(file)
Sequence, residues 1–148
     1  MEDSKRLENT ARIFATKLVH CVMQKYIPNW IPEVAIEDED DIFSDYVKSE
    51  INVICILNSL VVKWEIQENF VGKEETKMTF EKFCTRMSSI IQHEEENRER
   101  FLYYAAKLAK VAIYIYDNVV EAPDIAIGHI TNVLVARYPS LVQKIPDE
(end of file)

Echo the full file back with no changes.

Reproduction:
Sequence, residues 1–148
     1  MEDSKRLENT ARIFATKLVH CVMQKYIPNW IPEVAIEDED DIFSDYVKSE
    51  INVICILNSL VVKWEIQENF VGKEETKMTF EKFCTRMSSI IQHEEENRER
   101  FLYYAAKLAK VAIYIYDNVV EAPDIAIGHI TNVLVARYPS LVQKIPDE